End of paper tax disc next week

See our previous NEWS items on the end of paper tax discs:

End of paper tax discs in October 2014
Our last NEWS based on an update from the FBHVC on 20th August 2014. 140820 & updated 140830 More

DVLA news - abolition of the tax disc and paying vehicle tax by direct debit
Our NEWS item with an update on the end of tax discs, how to check the road tax status of your vehicle, complications when selling or buying a car and information on how you can pay VED by direct debit. 140313 More

Buying and MG - don't negotiate to buy any remaining road tax
NEWS item on claiming a refund of the residue of complete months of a road tax disc or if your car is classed as Historic, returning the NIL value tax disc. 140312 More

DVLA application for a tax disc refund
Download a Form V14. More

See our earlier Budget reports
End of tax discs announcement. 131205 More

How do I apply for a tax class change from PLG to Historic for an eligible classic car?
Remember cars built in 1973 are eligible from 1st April 2014 and, as the Chancellor made it a rolling 40 year concession in his Budget in March 2014, cars built in 1974 will be eligible from 1st April 2015.
See our briefing note and flowchart.

Getting a relica paper tax disc. More

Posted: 140928

End of paper tax discs next week
From Wednesday 1st October next week vehicles registered in the UK will no longer be required to display a paper tax disc (vehicle excise duty licence) on their vehicle. Even if you have a tax disc that expires after this date, it can be removed and destroyed if you wish. Before you do that our note below will be worth reading.

Although the paper tax disc is no more the liability to apply for vehicle excise duty or to SORN a UK registered car will of course remain! For owners of cars classed as Historic they will also have to apply for a NIL value VED or SORN the car although it is difficult to see why an owner would make a SORN when they can obtain a NIL value VED. For eligible cars you have to apply for a tax class change from PLG to Historic either direct to DVLA or through a Post Office branch that knows how to process such cases. Members' feedback indicates a variable experience when visiting Post Office branches ranging from a smooth process to total bafflement!

The DVLA and UK Police will enforce the payment of VED (and the annual application and issue of a NIL value VED) soley by means of an electronic database and automatic
numberplate recognition cameras on patrol cars and at static roadside locations. That system is now very effective and links to the askMID insurance database and to the MOT test database too. So the curse of uninsured cars on UK roads is being tackled and just because a paper tax disc is no longer required to be on display on the windscreen does not mean cheats can get away with it. There is a high probability of their being spotted and hunted down.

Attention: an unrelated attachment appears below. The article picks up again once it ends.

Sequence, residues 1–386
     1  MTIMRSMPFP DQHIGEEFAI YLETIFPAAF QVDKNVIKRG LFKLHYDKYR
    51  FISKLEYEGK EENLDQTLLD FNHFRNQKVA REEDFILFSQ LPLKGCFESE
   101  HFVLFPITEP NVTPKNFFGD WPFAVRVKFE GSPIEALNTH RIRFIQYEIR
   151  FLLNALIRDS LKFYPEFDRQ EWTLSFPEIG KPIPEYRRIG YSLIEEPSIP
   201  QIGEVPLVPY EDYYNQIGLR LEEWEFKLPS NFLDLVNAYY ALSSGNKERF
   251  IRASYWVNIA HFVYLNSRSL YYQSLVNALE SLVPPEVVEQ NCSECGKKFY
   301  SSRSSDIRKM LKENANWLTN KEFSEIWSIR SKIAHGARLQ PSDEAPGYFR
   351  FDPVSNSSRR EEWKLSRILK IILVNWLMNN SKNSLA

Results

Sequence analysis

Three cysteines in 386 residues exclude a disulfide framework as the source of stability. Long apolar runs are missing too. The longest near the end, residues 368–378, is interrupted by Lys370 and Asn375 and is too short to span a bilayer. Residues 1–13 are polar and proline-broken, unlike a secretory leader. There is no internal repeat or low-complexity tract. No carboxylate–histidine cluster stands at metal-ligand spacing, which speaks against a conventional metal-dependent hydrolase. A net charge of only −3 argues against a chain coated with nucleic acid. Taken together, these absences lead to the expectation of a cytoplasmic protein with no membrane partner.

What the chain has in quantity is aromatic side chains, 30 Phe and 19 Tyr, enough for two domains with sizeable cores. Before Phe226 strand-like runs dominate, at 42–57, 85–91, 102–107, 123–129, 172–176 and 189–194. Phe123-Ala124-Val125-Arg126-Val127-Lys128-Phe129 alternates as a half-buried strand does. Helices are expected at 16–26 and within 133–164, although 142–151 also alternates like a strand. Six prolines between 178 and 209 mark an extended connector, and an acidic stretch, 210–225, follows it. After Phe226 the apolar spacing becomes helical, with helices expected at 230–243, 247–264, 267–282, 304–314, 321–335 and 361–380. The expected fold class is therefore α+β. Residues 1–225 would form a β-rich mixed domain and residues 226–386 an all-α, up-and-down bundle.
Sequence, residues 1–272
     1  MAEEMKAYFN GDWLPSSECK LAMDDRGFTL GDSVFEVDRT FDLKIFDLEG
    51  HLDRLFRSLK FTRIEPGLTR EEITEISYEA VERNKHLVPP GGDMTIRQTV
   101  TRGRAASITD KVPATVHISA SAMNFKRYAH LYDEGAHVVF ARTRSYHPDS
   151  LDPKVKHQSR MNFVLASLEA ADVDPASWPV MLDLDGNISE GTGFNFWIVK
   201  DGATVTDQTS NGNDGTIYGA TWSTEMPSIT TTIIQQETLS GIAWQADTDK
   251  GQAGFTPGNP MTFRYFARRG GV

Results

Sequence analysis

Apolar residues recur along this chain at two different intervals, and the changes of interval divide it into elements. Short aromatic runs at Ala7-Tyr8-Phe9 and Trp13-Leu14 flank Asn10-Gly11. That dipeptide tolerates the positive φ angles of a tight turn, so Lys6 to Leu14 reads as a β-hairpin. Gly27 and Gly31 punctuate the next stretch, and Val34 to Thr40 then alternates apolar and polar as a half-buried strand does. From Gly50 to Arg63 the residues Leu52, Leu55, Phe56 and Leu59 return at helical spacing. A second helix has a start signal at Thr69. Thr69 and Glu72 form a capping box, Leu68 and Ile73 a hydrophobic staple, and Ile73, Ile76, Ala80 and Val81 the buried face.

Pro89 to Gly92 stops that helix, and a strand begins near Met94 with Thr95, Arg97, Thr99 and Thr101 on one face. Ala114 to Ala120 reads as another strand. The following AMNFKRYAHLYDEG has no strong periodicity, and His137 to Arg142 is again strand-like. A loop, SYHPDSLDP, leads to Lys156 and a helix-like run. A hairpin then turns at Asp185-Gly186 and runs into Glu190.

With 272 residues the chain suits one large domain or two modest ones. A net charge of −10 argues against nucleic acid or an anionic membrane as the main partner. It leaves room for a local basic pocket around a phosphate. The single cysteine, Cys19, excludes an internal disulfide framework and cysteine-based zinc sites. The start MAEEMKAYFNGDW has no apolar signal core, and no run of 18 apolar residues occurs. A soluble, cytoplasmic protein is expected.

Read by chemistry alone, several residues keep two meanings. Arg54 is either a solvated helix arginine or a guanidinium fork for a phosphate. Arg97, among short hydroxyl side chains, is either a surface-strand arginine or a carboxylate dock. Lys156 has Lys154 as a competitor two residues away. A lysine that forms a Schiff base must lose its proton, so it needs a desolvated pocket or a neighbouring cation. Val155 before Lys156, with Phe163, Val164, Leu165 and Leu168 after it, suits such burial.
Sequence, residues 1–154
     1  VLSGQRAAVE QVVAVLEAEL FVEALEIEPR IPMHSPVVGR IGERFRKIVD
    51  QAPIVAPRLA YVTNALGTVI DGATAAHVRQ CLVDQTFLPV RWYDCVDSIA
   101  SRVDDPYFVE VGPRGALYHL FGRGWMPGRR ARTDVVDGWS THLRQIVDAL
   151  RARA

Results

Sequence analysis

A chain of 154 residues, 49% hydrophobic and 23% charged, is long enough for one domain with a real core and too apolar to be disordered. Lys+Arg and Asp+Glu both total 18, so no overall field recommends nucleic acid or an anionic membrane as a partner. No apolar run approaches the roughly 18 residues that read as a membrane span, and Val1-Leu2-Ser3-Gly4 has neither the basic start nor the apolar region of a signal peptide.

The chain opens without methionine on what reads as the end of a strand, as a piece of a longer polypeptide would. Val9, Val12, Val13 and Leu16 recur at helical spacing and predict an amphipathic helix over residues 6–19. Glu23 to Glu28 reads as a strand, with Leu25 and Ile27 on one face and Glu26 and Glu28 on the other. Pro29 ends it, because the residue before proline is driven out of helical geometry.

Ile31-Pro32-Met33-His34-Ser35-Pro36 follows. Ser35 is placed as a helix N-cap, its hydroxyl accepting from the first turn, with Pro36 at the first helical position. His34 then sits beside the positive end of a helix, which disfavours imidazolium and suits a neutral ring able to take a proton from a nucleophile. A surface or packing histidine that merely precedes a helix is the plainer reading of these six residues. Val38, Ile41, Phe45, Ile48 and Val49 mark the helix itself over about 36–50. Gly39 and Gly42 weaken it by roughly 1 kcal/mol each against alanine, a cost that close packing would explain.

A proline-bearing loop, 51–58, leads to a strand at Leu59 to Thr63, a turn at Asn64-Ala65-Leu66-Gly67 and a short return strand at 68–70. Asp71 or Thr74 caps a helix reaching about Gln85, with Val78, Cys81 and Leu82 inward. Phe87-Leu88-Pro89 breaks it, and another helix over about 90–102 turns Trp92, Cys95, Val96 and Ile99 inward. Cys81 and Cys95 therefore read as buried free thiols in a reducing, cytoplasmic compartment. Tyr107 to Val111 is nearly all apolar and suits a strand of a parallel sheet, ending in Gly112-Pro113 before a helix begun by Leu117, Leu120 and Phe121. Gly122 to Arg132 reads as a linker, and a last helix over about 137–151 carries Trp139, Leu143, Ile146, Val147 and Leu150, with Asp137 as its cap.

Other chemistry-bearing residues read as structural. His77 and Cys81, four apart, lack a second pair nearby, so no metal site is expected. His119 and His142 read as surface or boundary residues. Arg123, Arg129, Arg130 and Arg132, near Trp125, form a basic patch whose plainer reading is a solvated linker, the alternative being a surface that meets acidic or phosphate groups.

Complications when selling and buying a car in the UK
Without a paper tax disc to be handed over as part of the sale of a car, the new system introduced by DVLA means all cars will have to be retaxed when they are sold. The seller is then able to apply to the DVLA for a refund of the remaining VED for the unexpired months The buyer has to tax the car before they drive it away from the point of sale! The buyer is expected to apply for a new VED to either the DVLA by telephone (0300 123 4321), online (gov.uk/tax-disc) or by post OR apply at a local Post Office with the necessary paperwork and payment. There is still some uncertainty over this process because until the DVLA receives the sections of the V5C from the seller reporting the sale and the new registered keeper the DVLA vehicle database will not have been updated. So when the seller tries to tax the car his or her name will not be on the DVLA vehicle database as the registered keeper. So in all probability a buyer will simply drive the car away from the point of sale (having obtained the necessary motor insurance cover of course) and then once home begin the process of taxing the car. Whether a condition of your insurance cover will require the car to be correctly taxed is another issue we are investigating as an additional concern. Frankly this situation is a disgraceful muddle and hopefully it will be clarified before too long.

Before you tear up your tax disc!
Some tax discs are already collectors' items, particularly from prewar years, but with paper tax discs coming to an end in the UK the values of some more recent tax discs are expected to rise - not least tax discs ending in September or October 2014. The reason is the DVLA has run out of the paper upon which tax discs are printed so it will now be producing the tax discs from ordinary paper without perforations around the circular perimeter of the disc. If you have one then hang on to it as it could be worth a tidy sum to tax disc collectors in future years!
V8 Register - MG Car Club - the leading group for MG V8 enthusiasts at www.v8register.net